Los Angeles County sheriff's deputies wrongfully gunned down a man who died during a shootout in the Walnut Park area that also claimed the life of deputy, the man's family said Wednesday.
R. Samuel Paz, an attorney representing the wife and children of Homero Isidoro Ibarra, 30, said Ibarra was unarmed and was complying with the deputies' commands to walk out with his hands raised when he was shot to death Sunday night behind a garage in the 2500 block of Cass Place.
The Sheriff's Department says that Ibarra was armed with a gun and came out of the garage firing the weapon.
The brief but intense gun battle also claimed the life of Nelson H. Yamamoto, 26, the first county sheriff's deputy to die in hostile action since 1989. Deputies say they are still searching for two other men--one of whom is wanted in connection with a murder in North Hollywood and two other murders in El Salvador--who escaped during Sunday's shootout.
Paz said Maria Ibarra and her three children will file a wrongful-death complaint with the Sheriff's Department.
Department spokesmen said they could not respond in detail to the family's accusations until they see the complaint.
According to the department, the incident began at 8:10 p.m. Sunday when Yamamoto and two other deputies from the Firestone station responded to a call that men with guns had been threatening a resident on Cass Place. Officers said they were directed to the garage at the rear of a home, peered through a window and saw at least two men inside with guns.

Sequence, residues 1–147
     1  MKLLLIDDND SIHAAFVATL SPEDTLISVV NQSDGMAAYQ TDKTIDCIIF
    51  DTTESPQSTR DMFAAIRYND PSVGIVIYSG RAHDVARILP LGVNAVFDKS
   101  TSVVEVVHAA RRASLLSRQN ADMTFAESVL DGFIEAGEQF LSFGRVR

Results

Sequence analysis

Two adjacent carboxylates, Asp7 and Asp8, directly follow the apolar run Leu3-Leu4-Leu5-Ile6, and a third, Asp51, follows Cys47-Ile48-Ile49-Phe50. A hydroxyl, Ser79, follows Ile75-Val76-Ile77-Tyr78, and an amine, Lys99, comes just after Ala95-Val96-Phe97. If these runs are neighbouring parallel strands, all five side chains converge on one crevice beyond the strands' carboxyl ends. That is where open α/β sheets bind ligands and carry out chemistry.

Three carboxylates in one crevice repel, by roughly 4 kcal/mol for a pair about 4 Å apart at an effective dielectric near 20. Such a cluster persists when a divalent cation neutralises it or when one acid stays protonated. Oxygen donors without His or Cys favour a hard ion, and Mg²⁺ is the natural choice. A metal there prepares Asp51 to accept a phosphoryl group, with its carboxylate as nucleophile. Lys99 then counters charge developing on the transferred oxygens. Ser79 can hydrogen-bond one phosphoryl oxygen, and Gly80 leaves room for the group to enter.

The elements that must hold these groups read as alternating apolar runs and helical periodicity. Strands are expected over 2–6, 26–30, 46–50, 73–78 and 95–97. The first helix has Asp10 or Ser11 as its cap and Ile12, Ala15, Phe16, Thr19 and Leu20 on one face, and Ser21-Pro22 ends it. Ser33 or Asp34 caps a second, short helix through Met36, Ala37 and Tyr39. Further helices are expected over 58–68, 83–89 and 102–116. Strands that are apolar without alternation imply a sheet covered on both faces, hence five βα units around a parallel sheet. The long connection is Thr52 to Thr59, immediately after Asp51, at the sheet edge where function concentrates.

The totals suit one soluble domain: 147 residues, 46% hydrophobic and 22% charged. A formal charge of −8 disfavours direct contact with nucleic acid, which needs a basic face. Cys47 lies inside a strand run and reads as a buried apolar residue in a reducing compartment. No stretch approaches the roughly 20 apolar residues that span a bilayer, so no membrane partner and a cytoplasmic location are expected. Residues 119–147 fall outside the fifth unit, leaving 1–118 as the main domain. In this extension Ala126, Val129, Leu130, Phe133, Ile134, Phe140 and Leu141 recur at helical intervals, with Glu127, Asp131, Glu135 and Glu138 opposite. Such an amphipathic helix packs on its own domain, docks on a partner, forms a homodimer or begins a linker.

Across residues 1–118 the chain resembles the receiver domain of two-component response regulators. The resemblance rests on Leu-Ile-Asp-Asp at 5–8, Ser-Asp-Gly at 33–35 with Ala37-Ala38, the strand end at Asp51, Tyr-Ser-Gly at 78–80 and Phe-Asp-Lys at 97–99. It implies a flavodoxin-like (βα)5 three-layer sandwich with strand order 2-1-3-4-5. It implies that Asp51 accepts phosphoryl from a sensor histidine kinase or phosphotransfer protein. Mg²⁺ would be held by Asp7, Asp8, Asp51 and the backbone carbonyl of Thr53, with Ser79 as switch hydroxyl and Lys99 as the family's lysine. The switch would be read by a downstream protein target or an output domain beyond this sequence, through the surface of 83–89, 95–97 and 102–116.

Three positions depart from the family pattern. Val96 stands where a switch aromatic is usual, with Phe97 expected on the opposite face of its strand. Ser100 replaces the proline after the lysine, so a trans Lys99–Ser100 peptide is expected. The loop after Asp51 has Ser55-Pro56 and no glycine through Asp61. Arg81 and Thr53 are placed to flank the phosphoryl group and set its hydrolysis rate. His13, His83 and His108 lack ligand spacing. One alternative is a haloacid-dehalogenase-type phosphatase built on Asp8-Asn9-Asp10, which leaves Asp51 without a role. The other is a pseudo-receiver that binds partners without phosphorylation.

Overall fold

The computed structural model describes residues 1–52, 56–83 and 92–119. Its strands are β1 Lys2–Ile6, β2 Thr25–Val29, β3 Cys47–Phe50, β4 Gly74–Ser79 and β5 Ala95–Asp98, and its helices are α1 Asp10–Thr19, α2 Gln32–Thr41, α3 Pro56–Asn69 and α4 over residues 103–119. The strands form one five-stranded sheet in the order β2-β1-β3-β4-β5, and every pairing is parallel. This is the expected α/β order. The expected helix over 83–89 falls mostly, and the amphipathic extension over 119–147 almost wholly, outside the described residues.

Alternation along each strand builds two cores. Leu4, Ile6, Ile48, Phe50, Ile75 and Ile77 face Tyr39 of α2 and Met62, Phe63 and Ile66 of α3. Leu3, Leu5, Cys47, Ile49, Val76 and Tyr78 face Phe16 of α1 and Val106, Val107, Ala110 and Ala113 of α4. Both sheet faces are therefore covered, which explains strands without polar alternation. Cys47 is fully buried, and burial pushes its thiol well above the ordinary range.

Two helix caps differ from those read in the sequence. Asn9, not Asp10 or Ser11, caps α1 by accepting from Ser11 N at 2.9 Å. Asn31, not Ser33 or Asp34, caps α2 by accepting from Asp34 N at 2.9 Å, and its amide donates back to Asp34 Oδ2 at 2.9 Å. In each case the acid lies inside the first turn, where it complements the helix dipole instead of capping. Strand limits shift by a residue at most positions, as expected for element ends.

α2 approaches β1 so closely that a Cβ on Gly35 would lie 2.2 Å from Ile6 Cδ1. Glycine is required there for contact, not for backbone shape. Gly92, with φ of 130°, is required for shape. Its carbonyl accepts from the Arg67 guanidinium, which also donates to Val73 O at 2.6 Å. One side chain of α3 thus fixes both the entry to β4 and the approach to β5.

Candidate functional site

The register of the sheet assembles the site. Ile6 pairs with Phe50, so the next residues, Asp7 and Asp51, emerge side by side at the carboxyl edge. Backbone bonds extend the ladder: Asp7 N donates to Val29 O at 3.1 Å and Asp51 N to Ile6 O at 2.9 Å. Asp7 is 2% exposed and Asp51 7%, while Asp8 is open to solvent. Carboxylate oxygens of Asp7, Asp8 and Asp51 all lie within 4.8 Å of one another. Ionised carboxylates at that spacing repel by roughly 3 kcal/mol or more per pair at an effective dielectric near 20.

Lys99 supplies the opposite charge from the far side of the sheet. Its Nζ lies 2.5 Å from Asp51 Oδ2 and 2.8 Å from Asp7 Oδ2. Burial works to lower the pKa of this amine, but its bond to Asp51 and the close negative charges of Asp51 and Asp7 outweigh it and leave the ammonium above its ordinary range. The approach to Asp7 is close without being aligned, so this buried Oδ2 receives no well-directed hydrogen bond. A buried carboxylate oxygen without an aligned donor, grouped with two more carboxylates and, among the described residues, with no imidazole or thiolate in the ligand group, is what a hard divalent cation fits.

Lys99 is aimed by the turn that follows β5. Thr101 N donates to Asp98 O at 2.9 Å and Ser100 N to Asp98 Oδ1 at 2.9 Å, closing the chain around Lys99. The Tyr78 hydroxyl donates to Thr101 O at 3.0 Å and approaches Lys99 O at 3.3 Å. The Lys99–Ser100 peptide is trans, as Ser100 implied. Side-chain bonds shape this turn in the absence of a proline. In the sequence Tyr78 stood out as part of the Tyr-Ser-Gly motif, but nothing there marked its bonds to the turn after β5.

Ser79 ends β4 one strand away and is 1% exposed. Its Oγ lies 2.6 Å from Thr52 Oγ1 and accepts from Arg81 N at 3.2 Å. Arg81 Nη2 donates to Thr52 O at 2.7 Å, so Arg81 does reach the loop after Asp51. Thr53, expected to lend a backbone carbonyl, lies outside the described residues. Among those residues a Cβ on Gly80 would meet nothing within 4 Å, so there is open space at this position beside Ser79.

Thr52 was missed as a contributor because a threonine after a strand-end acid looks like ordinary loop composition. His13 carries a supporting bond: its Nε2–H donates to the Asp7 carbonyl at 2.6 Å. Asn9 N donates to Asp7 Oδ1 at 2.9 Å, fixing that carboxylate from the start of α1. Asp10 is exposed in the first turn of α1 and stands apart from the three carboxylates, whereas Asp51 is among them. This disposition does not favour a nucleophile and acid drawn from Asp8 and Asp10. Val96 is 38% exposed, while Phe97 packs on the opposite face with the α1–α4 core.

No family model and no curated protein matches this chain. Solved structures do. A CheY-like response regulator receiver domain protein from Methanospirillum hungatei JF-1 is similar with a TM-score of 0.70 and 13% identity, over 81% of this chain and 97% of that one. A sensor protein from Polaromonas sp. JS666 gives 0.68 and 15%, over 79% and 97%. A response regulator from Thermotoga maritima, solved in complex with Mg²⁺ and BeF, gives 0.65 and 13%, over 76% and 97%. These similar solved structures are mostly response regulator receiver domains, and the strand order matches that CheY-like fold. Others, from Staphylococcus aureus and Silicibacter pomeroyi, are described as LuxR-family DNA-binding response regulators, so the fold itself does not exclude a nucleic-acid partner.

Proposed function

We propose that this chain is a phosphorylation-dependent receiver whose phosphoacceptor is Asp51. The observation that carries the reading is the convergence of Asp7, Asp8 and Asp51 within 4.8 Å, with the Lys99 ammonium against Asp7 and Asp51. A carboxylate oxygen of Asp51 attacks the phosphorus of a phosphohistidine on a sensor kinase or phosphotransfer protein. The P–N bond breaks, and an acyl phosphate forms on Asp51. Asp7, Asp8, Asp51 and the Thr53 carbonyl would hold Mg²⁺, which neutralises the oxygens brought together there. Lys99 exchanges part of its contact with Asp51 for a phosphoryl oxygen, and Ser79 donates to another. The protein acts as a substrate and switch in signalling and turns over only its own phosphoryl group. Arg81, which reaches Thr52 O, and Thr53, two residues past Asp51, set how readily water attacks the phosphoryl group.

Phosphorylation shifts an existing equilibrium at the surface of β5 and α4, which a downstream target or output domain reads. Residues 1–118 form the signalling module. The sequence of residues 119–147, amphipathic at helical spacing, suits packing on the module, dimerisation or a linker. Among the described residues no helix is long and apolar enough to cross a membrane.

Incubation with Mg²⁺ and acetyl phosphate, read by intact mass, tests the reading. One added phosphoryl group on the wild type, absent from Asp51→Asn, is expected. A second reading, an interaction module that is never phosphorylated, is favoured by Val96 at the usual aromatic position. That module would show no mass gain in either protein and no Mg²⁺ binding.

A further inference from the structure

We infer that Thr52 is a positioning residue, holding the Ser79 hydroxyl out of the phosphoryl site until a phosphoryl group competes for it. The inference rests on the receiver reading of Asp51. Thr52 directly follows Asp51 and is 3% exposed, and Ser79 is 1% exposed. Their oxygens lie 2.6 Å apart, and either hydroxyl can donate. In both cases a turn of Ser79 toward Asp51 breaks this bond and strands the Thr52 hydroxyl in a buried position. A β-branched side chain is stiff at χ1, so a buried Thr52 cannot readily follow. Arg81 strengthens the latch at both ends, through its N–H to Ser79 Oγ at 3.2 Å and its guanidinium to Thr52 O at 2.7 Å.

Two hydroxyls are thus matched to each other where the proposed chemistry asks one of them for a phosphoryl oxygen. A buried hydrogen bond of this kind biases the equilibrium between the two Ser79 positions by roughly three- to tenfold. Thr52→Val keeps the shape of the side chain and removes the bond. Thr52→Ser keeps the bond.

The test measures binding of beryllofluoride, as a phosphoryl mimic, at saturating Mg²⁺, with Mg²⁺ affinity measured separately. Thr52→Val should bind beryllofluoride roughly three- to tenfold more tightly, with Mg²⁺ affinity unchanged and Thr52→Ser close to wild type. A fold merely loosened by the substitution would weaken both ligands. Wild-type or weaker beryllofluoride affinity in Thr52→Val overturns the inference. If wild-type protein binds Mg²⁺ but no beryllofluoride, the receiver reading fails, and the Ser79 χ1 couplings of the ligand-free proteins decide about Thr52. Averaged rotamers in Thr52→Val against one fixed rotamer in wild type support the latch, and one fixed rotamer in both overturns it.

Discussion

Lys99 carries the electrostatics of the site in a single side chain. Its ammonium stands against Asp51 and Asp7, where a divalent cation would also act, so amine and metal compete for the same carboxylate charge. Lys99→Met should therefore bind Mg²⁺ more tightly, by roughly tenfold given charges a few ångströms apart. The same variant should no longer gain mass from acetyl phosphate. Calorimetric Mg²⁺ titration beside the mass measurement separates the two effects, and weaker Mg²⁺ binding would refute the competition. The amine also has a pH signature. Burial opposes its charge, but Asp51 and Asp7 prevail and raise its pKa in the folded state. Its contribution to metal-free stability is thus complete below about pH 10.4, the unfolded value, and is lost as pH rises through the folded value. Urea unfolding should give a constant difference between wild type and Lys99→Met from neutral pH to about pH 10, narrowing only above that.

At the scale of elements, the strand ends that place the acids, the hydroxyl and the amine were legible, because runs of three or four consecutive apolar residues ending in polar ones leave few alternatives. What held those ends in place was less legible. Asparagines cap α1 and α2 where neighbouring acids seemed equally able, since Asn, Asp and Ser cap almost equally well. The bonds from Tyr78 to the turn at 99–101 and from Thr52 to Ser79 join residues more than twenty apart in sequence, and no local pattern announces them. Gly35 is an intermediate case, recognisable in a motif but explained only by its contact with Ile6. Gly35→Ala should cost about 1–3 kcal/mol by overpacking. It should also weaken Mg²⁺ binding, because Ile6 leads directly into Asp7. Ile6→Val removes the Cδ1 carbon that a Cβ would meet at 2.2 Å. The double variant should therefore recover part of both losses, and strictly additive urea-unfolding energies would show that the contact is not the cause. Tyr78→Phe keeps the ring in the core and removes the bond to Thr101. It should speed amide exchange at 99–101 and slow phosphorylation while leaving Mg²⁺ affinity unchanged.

The officers said that when they ordered the men to come outside with their hands up, two came out in the dark with guns blazing.
Deputies said that one of the men--Cesar Uriel Mazariego-Molina, 26, the one wanted in the three murders--fired the shots that fatally wounded Yamamoto before escaping over a fence. The officers said the other--Ibarra--was shot to death.
A third suspect--Juan Manuel Mazariego, 22, Mazariego-Molina's cousin--escaped during the confusion, the officers said.
After talking to two of Ibarra's children and 17-year-old Frankie Soto, all of whom he said witnessed the shootout, Paz gave a somewhat different version of what happened Sunday night in the garage at the rear of the Ibarra family home.
Paz said Ibarra, who barely knew the cousins, invited them to join him for a beer in the garage.
"He was just a nice guy, trying to be pleasant," the lawyer said. "When he heard the deputies shout, 'Everybody come out with their hands up!' he complied.
"Ibarra fell to the ground, and Mazariego-Molina ran past him, shooting," Paz added. "Mazariego-Molina kept running, and he got away. At the same time, the cousin ran out through the house, and he escaped, too."
Asked Tuesday night if Ibarra might have been trying to surrender, Sheriff Sherman Block repeated the department's contention that Ibarra was armed and was considered a suspect. Block could not be reached for comment Wednesday.
Responding to Block's contention that Ibarra was armed, Paz said that no gun was found. Asked about this, a spokesman for the department said Wednesday that he could only refer to the statement that Block had made the night before.